Both social and traditional news media have become increasingly visual in form.
Smartphone apps like Waze can be helpful in bad-weather situations.
July 11, 2017

Alexander Halavais and Jessica Pucci provide insight into social media's influence on monsoon news coverage

Editor's note: This is part of our weeklong monsoon series; to read the first installation, "Gully washers and boulder rollers: How monsoons shape the desert," click here. For the final story, looking at monsoons from a Native American cultural viewpoint, click here.

Public fascination with the extreme weather of monsoons is surpassed only by the media’s, which has seen some interesting developments in its coverage of storm events in recent years, due in large part to social media’s influence.

In 2012, the Arizona Department of Transportation garnered attention with a dust storm awareness campaign on social media that encouraged people to submit “haboob haikus,” and in 2016, the Arizona Republic dedicated an entire story solely to monsoon social media posts.

Why the fascination with storms to begin with? How does social media play into that? What are the risks and benefits?

To gain some insight, ASU Now consulted with Alexander Halavais, an associate professor in ASU’s School of Social and Behavioral Sciences, and Jessica Pucci, ethics and excellence professor of practice at ASU’s Cronkite School of Journalism and Mass Communication.

Halavais specializes in ways in which social media change the nature of scholarship and learning and allow for new forms of collaboration and self-government. Pucci leads social media and analytics for Cronkite News, the news division of Arizona PBS, and also teaches a course in analytics and audience engagement.

Here’s what they had to say:

(Responses have been lightly edited for length and content.)

Alexander Halavais

Question: Why do monsoon and big-storm stories do so well in the media?

Alexander Halavais: I think there are a bunch of reasons. Large-scale weather phenomena are one of the few things that seem to have an effect on everyone relatively equally across walks of life. If you live in Phoenix, a monsoon is going to have an effect on your life, along with your fellow residents. But really large-scale weather phenomena do well in the news media in large part because they are relatively easy to cover and fit into the routines of the journalist. Experts are easy to find, officials have a line ready and there is a clear connection to a local audience. They are, in some ways, tailor-made for the news values journalists favor.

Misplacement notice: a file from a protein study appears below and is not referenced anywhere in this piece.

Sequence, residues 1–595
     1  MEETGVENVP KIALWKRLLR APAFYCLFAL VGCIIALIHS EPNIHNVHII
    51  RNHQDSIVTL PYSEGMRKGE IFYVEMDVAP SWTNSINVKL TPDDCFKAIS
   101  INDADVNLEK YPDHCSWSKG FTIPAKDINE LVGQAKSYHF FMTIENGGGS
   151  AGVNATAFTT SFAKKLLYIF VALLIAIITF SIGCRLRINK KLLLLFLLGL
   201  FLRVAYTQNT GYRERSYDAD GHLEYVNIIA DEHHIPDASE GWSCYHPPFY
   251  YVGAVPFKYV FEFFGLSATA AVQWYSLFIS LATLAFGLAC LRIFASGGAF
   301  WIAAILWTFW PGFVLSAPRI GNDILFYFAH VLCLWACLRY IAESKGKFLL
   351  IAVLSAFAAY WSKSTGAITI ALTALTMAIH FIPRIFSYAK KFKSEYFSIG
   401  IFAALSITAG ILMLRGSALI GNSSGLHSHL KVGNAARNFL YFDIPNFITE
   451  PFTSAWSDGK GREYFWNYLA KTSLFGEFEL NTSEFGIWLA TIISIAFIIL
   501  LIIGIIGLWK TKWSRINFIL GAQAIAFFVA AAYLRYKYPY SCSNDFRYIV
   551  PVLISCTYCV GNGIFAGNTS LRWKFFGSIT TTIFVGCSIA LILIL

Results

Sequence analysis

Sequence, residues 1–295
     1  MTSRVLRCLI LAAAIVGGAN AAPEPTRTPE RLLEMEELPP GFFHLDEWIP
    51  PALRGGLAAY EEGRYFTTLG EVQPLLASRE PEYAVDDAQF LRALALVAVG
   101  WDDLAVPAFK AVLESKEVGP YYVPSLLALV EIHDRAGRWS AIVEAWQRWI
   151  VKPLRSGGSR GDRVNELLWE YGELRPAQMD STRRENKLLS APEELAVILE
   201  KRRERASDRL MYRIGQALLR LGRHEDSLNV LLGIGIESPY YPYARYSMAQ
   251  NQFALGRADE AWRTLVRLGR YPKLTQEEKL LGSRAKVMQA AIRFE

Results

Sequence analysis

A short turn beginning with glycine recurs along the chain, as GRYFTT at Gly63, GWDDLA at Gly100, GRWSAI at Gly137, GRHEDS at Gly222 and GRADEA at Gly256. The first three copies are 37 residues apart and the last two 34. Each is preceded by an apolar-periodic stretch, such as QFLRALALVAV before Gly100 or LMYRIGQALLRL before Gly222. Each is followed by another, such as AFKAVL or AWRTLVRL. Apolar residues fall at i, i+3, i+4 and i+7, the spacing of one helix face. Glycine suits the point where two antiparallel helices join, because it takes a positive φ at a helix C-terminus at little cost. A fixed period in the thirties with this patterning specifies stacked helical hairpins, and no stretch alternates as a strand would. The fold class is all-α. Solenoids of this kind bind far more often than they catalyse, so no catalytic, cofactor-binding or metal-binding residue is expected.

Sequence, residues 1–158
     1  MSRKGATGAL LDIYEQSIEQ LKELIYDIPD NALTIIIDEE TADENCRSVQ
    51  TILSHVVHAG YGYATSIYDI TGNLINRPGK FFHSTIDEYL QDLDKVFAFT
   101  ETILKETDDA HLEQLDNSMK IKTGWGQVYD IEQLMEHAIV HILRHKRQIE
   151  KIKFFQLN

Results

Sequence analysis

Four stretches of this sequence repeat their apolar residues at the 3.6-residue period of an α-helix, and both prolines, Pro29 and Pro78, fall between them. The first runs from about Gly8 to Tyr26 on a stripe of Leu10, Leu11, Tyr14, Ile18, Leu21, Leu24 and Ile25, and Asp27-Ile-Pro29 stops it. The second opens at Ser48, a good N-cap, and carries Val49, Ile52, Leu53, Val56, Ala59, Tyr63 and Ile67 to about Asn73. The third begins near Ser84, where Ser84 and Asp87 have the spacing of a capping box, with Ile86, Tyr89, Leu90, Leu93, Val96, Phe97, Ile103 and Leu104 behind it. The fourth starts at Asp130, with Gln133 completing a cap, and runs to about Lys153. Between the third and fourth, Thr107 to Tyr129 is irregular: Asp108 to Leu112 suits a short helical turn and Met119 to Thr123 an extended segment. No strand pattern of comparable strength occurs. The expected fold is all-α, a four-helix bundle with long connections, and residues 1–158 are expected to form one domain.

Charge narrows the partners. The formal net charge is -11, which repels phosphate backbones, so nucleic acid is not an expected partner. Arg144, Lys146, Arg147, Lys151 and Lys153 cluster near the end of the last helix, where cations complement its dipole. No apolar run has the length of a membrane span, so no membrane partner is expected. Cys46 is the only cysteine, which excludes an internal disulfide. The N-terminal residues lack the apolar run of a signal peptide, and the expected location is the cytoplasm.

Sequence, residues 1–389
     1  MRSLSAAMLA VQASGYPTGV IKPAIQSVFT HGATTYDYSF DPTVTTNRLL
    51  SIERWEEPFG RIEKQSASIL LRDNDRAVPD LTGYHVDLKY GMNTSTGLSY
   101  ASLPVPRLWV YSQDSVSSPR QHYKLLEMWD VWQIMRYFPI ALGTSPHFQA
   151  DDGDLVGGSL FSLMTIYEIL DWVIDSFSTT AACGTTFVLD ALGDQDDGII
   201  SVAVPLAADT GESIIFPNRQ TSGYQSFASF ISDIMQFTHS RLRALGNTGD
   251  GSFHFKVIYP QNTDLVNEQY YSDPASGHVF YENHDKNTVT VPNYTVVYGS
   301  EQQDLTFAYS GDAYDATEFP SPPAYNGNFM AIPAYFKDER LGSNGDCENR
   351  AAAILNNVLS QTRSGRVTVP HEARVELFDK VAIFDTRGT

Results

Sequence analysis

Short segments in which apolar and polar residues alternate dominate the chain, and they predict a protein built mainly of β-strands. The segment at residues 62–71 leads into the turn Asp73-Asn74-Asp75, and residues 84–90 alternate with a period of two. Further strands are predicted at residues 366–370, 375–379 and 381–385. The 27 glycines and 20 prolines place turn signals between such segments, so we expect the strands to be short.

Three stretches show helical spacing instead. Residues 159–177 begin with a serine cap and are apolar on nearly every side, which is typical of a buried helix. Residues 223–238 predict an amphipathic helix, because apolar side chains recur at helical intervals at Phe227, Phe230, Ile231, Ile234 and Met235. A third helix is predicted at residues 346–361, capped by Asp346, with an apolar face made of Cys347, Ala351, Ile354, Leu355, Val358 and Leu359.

Q: How has social media affected news coverage of monsoon storms?

Jessica Pucci

Jessica Pucci: Monsoons are not only highly visual — we’ve all seen the jaw-dropping before-the-dust/after-the-dust photos — but they’re phenomena exclusive to the Southwest. Visual content plays well in social media; not only is it highly shareable, but Facebook’s algorithm gives weight to video. Add to that striking imagery of a weather event that users outside the Southwest are unlikely to ever see in person, and you’ve got a perfect storm of social attention … no pun intended.

Q: What’s behind that phenomenon? Are people genuinely coming together as a community to inform each other out of concern for the safety of others, or are people just showing off who could get the best Instagram photo?

AH: I think in some cases people may share news or information in order to help others, but often it is an effort to either come together as a community over a shared experience, or to share locally interesting extremes with friends and family not affected. Certainly, there's some showing off going on: When I lived in Buffalo, it was a picture of a wall of snow outside my front door, and here it is 119-degree days or a thousand-foot-high wall of sand moving across the Valley.

Q: What are the risks and benefits?

JP: User-generated content allows newsrooms to cover weather events more widely than ever before — and that’s particularly impactful during monsoons, which can appear drastically different between locations a few miles apart. Reporters can’t be everywhere at once, so engaging with audiences to not only learn and see more, but establish our newsrooms as authoritative, trustworthy sources of information is important.

Social networks — particularly Twitter — help newsrooms get live, real-time weather information into users’ hands quicker than ever, which is undoubtedly a public good. But social media can also hasten the spread of misinformation. It’s critical that reporters and social media managers work diligently to verify audience accounts of weather events before sharing them – a simple reverse image search or provenance check using tools like TinEye can mean the difference between sharing a helpful update and radiating a fake, Photoshopped or old monsoon image.

AH: There are certainly examples of social media being helpful in recovery from natural disasters, but at least locally, storms rarely rise to that extreme. I think they serve a function of reminding people to prepare for such events.

I suspect that the most helpful kinds of contributions are not in images and stories but something a bit lower-level. When Waze users either directly or indirectly help me to avoid flooded sections of the road or accidents, that is certainly helpful. I do suspect that such sharing is helpful, but perhaps in not exactly practical ways. I think it brings local communities together in the face of shared inconvenience and lets us tell stories that connect us, and I think that can be important.

 

Top photo courtesy of Pixabay.com